- Students acquire familiarity with some of political theory's canonical texts, gaining in the process interpretive and critical reading skills.
- Students improve their analytical skills by engaging with lines of arguments offered in political theory’s historical and contemporary texts, assessing their strength and evaluating competing claims, and offering arguments of their own.
- By the end of the course students should have a good sense of major claims and debates pertaining to multiple areas of political theory.
Why is this a gateway course?
Introduction to Political Theory introduces students to the texts, concepts, questions, and methods that allow them to think critically and normatively about political theory. It presents them with a broad array of questions that political theorists have grappled with, and acquaints them with multiple approaches to political theory, including historical and contemporary ones. It thus helps to prepare them for orienting themselves among, choosing between, and benefiting from, more advanced classes in political theory.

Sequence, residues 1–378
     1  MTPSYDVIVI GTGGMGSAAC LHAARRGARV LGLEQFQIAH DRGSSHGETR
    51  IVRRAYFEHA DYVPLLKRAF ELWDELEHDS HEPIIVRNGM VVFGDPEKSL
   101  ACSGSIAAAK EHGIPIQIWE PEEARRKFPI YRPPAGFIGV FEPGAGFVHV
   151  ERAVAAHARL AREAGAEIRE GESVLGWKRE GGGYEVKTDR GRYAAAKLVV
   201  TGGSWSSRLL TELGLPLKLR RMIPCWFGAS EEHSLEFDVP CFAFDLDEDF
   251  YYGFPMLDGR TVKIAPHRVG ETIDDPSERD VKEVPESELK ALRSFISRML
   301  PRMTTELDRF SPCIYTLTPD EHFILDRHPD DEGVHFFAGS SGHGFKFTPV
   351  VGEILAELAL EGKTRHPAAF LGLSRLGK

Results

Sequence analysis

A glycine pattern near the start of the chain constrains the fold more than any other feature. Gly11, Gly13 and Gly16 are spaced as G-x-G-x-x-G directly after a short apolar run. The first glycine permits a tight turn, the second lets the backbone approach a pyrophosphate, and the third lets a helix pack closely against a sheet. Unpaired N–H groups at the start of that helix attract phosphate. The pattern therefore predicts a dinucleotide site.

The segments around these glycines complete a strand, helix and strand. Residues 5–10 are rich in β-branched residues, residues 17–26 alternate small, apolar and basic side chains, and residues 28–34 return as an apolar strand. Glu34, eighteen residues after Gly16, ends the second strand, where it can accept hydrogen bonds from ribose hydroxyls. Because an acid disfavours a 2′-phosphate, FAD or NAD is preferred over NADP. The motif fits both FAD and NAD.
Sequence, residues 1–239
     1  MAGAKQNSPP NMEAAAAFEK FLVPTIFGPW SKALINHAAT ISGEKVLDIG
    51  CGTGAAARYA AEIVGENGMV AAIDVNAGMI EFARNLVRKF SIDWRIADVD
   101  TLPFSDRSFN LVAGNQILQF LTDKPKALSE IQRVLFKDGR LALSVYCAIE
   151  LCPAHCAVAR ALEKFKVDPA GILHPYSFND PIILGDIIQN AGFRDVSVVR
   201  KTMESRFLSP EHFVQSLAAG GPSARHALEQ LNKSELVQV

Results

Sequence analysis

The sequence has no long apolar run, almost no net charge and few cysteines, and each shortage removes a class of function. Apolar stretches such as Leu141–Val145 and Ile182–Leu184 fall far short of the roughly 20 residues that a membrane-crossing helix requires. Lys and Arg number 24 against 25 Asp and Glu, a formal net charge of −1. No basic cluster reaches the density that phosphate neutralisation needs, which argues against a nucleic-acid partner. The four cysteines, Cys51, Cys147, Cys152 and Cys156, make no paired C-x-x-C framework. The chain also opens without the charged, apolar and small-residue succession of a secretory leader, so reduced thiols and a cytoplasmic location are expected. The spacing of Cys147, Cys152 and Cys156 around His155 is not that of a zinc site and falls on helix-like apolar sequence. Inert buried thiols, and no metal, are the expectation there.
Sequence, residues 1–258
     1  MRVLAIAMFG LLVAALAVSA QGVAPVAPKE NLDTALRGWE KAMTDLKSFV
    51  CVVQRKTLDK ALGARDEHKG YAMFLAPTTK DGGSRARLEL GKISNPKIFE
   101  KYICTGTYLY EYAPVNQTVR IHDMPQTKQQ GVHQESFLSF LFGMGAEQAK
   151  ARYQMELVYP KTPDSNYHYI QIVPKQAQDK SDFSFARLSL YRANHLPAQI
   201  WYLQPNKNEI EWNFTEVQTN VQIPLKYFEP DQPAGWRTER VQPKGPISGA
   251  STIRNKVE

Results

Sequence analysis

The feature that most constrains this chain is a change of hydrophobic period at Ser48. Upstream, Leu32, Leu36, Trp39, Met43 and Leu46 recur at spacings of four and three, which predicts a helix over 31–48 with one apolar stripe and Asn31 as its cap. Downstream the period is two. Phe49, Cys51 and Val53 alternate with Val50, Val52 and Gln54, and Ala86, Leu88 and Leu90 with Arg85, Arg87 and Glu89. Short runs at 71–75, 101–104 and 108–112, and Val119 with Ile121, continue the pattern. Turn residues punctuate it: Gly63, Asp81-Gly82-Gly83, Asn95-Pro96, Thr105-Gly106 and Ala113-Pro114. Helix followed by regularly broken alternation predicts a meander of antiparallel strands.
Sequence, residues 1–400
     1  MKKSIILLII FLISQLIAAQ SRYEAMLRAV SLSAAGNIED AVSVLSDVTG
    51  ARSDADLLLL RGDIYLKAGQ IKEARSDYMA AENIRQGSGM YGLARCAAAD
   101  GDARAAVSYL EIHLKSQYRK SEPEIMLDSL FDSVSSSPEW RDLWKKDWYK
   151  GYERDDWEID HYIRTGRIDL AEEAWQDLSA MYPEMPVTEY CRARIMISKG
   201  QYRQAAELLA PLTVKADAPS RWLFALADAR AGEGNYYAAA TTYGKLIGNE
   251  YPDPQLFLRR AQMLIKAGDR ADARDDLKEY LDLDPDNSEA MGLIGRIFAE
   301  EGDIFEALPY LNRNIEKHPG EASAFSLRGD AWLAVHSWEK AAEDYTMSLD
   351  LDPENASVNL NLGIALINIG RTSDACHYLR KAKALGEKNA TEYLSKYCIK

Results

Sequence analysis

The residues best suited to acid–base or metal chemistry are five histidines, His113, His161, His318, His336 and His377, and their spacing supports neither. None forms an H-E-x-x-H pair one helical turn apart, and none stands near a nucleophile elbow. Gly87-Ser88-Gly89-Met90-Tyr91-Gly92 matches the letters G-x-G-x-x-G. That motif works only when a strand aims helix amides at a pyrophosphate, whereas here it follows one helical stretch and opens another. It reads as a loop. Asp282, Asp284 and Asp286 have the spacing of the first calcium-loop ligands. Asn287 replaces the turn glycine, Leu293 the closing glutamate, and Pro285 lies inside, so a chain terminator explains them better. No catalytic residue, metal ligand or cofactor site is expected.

POLI_SCI 220: Introduction to American Government and Politics
- Understand the structures and processes of American government and politics, including those relating to institutions, voters, and candidates, and political intermediaries (parties, groups, and the media).
- Understand and apply conceptual tools for studying political science, including collective action, rationality, and strategic behavior.
- Sharpen critical thinking about the American political system by reading and synthesizing contemporary and classical material from various sources.
- Apply arguments about voter behavior and institutions to historical and contemporary political outcomes.